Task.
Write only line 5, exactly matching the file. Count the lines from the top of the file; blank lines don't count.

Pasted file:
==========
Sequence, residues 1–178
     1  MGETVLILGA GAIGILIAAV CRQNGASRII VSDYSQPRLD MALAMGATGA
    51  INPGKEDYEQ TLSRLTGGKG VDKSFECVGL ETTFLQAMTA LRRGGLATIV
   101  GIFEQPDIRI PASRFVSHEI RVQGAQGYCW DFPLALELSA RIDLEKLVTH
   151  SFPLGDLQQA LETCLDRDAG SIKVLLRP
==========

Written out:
   151  SFPLGDLQQA LETCLDRDAG SIKVLLRP